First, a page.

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When companies from the industrialized West conduct business in the dynamic, developing Chinese economy, they often experience a clash in business cultures that may appear to force them to choose between the different styles of doing business. But a forthcoming paper in the Journal of International Management finds such conflicts needn't exist. Rather, there is a middle ground for overseas businesses to use both styles, because each set of practices serves a discrete function.
“Mitigating Liabilities of Foreignness: Defensive vs. Offensive Approaches” contrasts approaches to doing business in developing nations, particularly in China. The paper categorizes strategies for overcoming the uncertainties of operating globally as either “offensive,” meaning they help to localize the company to the foreign environment, or “defensive,” meaning they protect corporate interests and reduce uncertainty and complexity.
The prototypical offensive strategy is networking, a style of doing business that resonates well in Asian cultures. Indeed, China-watchers often stress personal networking, or guanxi, as the most important factor to business success in China. Guanxi is a bit different from the cocktail mixers thought of as “networking” in the West; it is more personal and often entails an escalating reciprocity of favors and acts. Other methods to reduce a company's “foreignness” to the local business community include investing in the local community and increasing the use of host country resources for raw materials, suppliers, facilities and staff.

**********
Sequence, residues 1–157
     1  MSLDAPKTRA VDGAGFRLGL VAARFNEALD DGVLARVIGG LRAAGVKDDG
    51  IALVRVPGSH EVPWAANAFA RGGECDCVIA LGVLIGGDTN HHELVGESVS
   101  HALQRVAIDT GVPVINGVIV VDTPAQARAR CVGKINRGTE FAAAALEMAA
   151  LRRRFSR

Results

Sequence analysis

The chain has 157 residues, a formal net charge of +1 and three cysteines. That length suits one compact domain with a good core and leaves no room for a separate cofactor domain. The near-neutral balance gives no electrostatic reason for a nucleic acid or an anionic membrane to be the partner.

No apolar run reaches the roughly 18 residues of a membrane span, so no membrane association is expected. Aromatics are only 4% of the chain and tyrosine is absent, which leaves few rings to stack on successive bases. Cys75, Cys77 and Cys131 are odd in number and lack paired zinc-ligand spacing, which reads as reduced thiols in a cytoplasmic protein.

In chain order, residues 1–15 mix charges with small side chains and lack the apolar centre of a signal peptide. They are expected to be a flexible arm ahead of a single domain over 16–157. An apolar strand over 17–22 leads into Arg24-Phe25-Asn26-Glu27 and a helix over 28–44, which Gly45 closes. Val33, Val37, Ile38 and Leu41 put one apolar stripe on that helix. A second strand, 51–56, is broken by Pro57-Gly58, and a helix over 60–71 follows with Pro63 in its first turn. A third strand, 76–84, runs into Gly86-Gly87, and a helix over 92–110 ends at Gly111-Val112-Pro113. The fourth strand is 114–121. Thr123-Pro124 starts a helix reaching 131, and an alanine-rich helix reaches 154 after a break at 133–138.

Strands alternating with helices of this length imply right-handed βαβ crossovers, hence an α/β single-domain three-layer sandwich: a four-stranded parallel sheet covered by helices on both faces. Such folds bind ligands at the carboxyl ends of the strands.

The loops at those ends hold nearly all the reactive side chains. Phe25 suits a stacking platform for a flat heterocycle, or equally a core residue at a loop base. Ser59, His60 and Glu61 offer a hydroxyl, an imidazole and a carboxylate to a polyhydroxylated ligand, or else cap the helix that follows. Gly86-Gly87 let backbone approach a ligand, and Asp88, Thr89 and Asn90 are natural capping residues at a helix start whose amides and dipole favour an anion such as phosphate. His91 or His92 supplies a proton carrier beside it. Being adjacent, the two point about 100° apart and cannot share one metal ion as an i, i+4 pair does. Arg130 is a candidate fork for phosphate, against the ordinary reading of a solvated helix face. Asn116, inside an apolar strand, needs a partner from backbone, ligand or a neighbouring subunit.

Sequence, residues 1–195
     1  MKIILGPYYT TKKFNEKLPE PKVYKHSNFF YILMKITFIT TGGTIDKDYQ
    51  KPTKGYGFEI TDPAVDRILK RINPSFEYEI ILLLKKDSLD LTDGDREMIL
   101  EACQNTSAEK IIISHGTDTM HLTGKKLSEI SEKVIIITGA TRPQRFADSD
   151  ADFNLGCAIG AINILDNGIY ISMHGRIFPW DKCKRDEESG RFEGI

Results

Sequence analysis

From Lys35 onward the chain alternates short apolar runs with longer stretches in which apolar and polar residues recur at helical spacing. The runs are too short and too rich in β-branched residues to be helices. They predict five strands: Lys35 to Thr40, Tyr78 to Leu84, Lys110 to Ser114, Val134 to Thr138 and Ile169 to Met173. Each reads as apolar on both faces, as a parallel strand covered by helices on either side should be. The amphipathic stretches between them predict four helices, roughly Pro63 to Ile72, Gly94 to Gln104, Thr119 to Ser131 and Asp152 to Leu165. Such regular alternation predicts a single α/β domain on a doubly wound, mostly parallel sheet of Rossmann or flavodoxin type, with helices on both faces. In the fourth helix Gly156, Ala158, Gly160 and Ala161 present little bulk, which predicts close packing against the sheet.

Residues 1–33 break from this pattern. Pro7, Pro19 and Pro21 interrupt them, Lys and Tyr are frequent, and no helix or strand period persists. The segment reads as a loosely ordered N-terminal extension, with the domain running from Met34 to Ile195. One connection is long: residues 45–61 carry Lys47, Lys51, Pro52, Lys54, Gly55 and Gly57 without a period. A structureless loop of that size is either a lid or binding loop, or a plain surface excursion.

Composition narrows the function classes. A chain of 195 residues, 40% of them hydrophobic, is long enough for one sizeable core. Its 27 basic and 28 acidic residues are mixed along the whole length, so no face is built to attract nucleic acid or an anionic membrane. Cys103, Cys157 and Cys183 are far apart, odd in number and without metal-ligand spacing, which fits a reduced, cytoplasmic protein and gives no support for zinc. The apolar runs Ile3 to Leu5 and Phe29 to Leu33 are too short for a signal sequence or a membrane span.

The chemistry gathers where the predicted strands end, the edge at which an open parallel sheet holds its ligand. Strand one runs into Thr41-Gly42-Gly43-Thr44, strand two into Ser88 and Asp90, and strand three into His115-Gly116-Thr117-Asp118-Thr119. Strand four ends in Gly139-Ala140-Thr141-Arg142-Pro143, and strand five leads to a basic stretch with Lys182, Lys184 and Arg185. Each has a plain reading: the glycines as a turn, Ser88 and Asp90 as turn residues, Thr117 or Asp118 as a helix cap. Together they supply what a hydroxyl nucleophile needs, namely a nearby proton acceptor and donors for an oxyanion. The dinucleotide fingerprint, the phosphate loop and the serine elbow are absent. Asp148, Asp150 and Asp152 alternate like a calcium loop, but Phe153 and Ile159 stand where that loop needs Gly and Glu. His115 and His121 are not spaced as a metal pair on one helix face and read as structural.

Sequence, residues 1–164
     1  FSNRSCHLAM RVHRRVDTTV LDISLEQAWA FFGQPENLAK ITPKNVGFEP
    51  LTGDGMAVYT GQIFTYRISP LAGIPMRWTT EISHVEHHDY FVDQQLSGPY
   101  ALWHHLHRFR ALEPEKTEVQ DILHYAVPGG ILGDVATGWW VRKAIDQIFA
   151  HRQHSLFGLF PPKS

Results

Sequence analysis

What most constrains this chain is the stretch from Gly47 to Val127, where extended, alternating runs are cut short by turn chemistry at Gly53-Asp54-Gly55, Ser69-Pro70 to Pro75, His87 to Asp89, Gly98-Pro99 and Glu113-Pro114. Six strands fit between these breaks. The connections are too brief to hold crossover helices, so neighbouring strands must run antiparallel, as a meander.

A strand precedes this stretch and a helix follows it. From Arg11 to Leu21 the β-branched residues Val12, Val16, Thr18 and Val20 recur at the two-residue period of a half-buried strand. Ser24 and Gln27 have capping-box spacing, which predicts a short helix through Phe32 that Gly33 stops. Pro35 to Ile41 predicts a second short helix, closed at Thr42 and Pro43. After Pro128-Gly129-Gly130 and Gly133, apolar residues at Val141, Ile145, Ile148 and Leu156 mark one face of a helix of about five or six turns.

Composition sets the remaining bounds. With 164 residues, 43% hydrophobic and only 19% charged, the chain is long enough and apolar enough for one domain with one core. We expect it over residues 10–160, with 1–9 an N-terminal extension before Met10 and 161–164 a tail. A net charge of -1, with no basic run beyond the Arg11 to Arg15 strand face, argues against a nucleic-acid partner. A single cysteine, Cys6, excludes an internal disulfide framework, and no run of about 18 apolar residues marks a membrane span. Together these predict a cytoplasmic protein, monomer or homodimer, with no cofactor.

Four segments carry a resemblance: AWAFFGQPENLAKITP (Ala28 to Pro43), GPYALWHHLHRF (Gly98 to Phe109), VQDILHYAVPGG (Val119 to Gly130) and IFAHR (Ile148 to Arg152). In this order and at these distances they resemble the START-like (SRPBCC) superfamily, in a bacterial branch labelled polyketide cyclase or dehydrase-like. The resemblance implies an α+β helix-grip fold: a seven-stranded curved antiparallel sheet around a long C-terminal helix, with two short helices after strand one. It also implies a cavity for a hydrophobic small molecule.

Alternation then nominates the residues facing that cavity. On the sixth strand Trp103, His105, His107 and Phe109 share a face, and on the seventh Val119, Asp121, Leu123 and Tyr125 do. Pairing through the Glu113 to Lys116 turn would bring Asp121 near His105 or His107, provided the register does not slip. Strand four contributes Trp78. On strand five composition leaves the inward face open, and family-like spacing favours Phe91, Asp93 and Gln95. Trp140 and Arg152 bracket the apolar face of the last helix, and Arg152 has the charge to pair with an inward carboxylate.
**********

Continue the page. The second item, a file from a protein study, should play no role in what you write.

A classic defensive strategy, on the other hand, is the Western emphasis on contracts. Developmental economists argue that the legal protections of developed nations differentiate their business environments from those of developing nations. The legal and regulatory framework reduces many uncertainties in doing business in another country. Thus, when multinationals enter new markets, they often use rigid contracts to codify terms and minimize uncertainties. Multinationals can also insulate themselves by vertically integrating overseas operations or by directly supplying services such as financing.
Should a company play offense or defense? Both, say the authors. The most successful companies among their study's sample of 92 manufacturing subsidiaries and joint ventures were those that used both contracts and guanxi. “They complement each other,” says co-author Oded Shenkar, Ford Motor Company Designated Chair in Global Business Management and professor of management and human resources at Ohio State University's Fisher College of Business. “If you want to be successful in that kind of environment, you have to use both.”
That's because the two mechanisms have different effects.
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